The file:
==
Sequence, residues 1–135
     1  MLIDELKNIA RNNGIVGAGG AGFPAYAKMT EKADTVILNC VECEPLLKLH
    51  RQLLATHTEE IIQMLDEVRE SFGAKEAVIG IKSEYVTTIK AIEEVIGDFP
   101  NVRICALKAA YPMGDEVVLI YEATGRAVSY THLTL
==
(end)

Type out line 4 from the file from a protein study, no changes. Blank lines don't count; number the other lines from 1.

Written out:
   101  NVRICALKAA YPMGDEVVLI YEATGRAVSY THLTL